Drum roll please....

A wine so secret that they don't even sell it on the shelves.

A wine only for people in the know (this is where I would do a wink by the way).

No. no, it's not some kind of Mafia thing before you think that, it's just that it's made from strawberry grapes (that's my best translation they told me uve fragole ) which for some reason makes it super strong and it's homemade so actually legally they can't sell it, but well of course they do anyway because it's Italy.

Drinking from some black market wine, without any label on the bottle felt pretty cool (and I'm still alive so it's all good). I also felt mildly tipsy after all that alcohol and in such a short space of time too because I'd told Martina I hadn't had time for a gelato earlier and she wouldn't let me leave Italy without having my last one.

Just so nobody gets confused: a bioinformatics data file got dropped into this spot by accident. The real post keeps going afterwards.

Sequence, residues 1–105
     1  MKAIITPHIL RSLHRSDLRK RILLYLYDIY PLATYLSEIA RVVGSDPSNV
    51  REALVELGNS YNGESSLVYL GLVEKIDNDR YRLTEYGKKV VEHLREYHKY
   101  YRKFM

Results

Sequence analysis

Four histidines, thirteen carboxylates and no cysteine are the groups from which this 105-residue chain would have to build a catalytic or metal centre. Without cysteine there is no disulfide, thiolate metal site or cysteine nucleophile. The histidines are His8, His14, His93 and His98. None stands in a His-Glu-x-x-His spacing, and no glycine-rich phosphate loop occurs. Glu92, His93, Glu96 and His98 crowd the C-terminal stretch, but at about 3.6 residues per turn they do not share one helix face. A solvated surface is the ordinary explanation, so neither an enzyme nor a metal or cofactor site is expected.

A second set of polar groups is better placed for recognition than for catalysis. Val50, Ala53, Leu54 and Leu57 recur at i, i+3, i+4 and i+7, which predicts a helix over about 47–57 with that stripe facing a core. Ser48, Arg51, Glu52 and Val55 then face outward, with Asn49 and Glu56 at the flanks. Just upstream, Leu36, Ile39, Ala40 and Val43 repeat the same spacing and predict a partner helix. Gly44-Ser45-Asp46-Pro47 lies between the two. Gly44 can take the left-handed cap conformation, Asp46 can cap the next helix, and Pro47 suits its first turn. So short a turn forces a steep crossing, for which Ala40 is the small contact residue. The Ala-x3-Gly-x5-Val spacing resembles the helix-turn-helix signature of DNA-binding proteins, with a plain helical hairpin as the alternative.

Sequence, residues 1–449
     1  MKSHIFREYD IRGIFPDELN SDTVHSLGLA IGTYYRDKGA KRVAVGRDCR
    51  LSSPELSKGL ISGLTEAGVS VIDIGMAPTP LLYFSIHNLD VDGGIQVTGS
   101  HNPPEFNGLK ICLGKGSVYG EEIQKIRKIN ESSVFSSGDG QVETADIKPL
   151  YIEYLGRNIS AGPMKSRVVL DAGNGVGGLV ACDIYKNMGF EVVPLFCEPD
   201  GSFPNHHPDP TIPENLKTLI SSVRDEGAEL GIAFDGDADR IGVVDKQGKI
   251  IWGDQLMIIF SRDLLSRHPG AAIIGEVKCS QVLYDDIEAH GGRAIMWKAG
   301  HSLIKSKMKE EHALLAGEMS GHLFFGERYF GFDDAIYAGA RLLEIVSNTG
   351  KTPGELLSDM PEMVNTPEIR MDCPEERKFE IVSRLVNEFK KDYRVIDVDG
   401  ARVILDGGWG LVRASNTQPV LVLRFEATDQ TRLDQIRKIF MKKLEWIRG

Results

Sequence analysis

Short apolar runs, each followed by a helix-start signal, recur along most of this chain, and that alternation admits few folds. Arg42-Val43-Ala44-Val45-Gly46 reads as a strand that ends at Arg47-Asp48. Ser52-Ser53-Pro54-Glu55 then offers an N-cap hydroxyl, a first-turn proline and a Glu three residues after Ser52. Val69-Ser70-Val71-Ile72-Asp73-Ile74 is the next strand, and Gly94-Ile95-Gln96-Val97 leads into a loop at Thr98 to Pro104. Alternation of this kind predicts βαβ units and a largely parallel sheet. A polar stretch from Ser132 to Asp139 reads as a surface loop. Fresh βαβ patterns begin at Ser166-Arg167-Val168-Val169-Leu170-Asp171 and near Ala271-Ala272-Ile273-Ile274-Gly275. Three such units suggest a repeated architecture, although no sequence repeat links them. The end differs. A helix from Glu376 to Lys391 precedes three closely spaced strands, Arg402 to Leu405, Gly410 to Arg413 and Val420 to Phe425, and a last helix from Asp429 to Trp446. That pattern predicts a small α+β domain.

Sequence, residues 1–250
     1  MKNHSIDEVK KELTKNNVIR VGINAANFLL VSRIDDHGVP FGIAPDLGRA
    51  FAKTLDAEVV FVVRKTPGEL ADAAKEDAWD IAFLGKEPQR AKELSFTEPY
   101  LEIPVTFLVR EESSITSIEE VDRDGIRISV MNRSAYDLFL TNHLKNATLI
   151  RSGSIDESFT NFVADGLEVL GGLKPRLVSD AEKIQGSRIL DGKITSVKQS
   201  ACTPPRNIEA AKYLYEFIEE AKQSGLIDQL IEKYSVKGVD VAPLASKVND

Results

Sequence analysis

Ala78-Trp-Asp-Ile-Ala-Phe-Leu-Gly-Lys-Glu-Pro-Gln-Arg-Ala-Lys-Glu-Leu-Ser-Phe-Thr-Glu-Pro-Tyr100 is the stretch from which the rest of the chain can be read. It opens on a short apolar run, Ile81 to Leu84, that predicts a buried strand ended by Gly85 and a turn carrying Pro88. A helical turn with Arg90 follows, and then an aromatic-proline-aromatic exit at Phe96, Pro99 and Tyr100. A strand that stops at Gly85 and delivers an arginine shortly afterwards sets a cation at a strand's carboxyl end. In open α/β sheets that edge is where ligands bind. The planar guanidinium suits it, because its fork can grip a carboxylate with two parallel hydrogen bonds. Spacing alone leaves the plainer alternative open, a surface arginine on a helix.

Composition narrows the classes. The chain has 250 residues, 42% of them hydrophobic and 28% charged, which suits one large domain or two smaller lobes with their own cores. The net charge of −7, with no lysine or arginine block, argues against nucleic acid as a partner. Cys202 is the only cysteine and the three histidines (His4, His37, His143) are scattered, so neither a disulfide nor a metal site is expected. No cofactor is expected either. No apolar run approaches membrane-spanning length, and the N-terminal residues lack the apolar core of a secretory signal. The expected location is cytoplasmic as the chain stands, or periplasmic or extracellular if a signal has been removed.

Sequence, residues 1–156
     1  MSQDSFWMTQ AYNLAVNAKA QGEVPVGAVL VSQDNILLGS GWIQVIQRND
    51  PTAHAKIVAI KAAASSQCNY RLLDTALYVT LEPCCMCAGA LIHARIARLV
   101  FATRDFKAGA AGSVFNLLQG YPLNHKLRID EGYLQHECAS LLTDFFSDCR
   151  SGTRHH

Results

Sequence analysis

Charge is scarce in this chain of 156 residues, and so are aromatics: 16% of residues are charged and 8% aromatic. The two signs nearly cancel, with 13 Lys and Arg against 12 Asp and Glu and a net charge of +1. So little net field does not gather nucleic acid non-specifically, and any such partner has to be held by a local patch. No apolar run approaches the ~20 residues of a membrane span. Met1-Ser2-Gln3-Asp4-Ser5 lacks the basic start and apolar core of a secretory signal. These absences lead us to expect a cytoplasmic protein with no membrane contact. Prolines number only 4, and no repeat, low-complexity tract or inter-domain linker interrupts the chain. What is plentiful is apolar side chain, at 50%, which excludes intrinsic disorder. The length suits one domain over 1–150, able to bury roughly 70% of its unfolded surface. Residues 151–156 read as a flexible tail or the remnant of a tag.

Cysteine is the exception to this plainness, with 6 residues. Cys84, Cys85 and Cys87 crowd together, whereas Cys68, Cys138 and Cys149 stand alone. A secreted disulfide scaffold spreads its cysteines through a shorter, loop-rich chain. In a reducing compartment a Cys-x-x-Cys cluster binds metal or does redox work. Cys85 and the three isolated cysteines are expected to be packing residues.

So it was down the drink, speed to a geleteria, savour my last straciatella and salted caramel copetta and then suddenly I was boarding the train, trying to figure out where the hell my luggage was going to go in that tiny space. (Yeah I didn't realise it was going to be quite that small).

Before I melted into full blown panic, the guy I was sharing with (I'm pretty sure I clicked female only) said there were actually only going to be two of us for the journey, instead of four.

All I can say is thank goodness for that, otherwise I might have been sleeping on my suitcase.

A rather awkward situation averted, it was time to say goodbye...for reals.

It was emotional.